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Jean Alison Spearpoint Obituary

Jean Spearpoint, our ex-president, secretary, typist and general “dogsbody”, passed away in the early morning of 13 July 2015 after a short illness. She was 91.

Jean's involvement in the Eastern Cape Wild Bird Society started through her son Mick's interest in raptors, an interest which she also had. Having joined the society in 1967 in her own right, being Jean, it did not take her long to become involved.

In 1969 Jean became not only secretary of the club, a position which she held for thirteen years, but also the editor of the Bee-eater. Surely this is something of a record!! At that time, her job description was a whole lot broader than would normally be the case for the title she bore. Additional duties included doing all the society's banking affairs, typing and seeing to the roneoing of the Bee-eater. The typing was done on her office typewriter, before she started work in the morning.

Arranging outings was all in the day's work for her and her special interest in the young folk was evident in that she provided transport for them and gave them all the encouragement and guidance she could. Names I recall from that era are Willem Ferguson, now a professor, Grenville Walter, last heard of as a lecturer in Australia, the Edwards brothers, the Nixon brothers, and many more.

Of the young folk, Bruce Every later became editor of the Bee-eater, a post he held for many years. Because of his disability Jean was there for him, giving him all the assistance she could.

I believe that it would be quite correct to say that Jean, if she did not carry the club for a number of years, certainly played a key role in its continued existence. In recognition of her services to the club Jean was made an honorary life member of the South African Ornithological Society – now Birdlife South Africa – in 1983.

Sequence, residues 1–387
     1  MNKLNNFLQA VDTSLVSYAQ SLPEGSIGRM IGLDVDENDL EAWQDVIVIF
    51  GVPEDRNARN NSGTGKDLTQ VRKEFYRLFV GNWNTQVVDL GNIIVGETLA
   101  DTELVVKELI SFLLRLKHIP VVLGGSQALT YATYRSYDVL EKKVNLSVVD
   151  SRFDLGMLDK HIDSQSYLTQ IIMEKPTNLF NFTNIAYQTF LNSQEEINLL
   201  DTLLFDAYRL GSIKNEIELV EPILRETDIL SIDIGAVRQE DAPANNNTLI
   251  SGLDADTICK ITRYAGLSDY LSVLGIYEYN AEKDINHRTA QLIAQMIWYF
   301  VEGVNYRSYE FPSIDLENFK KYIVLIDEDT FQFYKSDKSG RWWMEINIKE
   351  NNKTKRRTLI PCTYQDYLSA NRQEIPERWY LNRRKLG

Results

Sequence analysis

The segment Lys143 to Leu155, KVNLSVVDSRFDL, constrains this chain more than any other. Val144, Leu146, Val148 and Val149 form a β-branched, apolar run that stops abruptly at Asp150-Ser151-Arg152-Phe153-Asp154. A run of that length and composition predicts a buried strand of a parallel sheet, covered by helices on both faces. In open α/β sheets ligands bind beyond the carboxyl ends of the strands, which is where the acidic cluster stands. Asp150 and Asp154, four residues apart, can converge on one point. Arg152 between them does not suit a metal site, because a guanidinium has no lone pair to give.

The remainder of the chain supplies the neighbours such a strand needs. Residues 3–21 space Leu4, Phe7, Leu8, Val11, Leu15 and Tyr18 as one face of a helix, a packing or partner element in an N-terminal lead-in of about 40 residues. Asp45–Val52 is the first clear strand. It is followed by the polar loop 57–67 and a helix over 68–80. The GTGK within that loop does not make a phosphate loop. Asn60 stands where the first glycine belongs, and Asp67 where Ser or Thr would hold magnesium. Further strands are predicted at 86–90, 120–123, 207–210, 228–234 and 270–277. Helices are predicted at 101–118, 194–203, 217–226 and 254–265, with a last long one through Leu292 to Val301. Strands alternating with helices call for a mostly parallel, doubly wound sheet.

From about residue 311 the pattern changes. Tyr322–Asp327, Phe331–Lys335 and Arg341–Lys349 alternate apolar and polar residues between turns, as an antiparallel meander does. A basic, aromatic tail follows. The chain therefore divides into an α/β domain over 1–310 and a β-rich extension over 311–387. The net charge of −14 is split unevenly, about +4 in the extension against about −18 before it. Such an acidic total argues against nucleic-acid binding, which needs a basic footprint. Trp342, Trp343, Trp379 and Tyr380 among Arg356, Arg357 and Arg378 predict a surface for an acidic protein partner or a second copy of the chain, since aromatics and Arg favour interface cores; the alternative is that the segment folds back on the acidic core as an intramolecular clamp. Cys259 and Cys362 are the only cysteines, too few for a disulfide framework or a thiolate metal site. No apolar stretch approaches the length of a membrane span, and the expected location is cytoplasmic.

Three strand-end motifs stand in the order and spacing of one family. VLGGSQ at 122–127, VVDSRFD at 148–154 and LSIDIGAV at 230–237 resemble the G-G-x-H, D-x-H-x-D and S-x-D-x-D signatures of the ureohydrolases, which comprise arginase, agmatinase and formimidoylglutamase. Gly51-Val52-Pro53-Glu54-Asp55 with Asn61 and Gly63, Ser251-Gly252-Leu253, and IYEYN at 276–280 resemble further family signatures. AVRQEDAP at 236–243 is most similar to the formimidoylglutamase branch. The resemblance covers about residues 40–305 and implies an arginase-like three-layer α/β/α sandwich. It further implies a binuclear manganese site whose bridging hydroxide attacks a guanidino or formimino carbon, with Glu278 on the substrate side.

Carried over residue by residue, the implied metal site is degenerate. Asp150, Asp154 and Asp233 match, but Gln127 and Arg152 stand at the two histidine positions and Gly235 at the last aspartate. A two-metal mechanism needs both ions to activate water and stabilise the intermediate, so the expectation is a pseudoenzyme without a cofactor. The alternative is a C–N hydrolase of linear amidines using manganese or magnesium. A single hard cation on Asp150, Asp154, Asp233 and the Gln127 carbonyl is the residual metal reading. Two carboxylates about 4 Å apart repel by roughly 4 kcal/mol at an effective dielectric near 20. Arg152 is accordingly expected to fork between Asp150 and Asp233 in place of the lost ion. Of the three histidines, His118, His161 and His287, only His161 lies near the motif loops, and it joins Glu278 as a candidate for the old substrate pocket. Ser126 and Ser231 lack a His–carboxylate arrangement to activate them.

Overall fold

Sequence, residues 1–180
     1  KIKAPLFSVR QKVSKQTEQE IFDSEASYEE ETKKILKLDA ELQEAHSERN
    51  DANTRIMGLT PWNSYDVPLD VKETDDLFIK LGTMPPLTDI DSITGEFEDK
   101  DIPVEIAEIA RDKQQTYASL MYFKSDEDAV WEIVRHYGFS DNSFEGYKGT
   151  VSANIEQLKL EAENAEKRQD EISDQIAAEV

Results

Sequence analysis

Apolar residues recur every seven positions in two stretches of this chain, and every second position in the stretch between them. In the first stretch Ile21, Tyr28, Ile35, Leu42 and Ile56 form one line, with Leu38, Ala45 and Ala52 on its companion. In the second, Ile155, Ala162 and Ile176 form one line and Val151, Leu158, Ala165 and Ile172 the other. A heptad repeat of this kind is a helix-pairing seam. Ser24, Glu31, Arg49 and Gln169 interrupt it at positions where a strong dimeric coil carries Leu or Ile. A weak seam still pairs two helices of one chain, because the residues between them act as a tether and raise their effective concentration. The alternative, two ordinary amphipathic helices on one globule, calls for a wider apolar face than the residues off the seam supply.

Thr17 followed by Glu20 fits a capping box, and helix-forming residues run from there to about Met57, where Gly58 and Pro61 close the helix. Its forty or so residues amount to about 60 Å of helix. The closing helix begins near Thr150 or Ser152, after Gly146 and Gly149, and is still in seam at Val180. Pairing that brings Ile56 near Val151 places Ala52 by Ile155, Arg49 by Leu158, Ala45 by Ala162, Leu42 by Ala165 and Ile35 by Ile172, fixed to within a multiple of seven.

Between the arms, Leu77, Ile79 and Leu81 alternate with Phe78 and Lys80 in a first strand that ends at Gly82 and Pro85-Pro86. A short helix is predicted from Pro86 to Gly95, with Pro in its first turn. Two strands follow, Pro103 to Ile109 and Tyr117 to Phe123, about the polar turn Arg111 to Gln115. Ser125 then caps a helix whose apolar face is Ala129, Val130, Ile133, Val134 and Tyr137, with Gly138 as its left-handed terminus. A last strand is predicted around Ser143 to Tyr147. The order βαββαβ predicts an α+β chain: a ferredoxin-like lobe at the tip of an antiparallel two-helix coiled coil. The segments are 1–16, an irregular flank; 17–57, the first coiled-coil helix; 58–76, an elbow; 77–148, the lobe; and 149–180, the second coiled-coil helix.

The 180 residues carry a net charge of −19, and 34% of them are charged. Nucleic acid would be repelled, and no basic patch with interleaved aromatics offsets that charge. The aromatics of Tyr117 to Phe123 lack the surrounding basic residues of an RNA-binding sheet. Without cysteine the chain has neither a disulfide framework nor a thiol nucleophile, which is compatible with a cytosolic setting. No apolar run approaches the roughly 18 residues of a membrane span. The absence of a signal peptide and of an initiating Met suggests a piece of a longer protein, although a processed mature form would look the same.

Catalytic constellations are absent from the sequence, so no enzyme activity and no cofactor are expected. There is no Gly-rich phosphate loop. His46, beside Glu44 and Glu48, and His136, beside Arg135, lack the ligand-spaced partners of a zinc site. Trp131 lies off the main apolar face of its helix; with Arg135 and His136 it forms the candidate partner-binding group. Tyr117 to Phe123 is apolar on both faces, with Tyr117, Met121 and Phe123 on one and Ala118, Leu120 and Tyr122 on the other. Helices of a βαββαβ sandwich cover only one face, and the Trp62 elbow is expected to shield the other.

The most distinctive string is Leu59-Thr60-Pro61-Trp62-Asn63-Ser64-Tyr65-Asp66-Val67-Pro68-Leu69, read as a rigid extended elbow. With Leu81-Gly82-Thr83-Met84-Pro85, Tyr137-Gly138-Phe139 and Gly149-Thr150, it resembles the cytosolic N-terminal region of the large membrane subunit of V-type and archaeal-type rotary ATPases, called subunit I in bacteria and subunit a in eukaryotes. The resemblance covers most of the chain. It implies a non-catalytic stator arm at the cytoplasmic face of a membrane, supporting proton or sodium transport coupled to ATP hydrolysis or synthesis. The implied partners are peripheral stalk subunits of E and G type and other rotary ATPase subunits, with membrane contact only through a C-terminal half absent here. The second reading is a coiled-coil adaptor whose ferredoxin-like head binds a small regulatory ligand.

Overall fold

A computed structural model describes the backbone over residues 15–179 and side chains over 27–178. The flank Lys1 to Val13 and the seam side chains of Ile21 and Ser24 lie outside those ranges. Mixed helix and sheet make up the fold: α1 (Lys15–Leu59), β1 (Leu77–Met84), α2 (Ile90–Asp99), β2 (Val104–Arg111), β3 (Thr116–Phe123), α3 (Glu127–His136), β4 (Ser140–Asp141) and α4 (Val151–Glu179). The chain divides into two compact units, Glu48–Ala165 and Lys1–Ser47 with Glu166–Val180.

In 1982 Jean laid down the reins of office to concentrate on her own research. The result of regular monthly counts of stranded seabirds along a four kilometre stretch of sea shore, ending at Cape Receife, was a scientific paper entitled, "Waders (Charadrii) and other Shorebirds at Cape Receife, Algoa Bay, South Africa: Seasonality, Trends, Conservation, and Reliability of Surveys" which, as senior author, she co-authored with Bruce Every and Professor Les Underhill. This was published in Ostrich Vol: 59 No: 4 of December 1988.

Further data gathering was done in Settler's Park and Van Stadens Pass. This has not, as yet, resulted in any publications.

To Jean we owe a debt of gratitude for her selfless dedication to the club! 

On a personal note – I was very privileged to be a friend of Jean’s and we spent many good birding times together. On a trip to the Kgalagadi National Park in 2007, when she was about 83, she was as active as any one of us and thoroughly enjoyed herself. 

Jean, we thank you for what you meant to so many people, the lives you touched through your care and concern for the less privileged, your concern for the environment and, in particular, for your contribution to BirdLife Eastern Cape.

Dave Brown

Through the club's monthly e-newsletters and bi-annual magazine, the Bee-Eater, we aim to stimulate continued interest in birds and their habitats.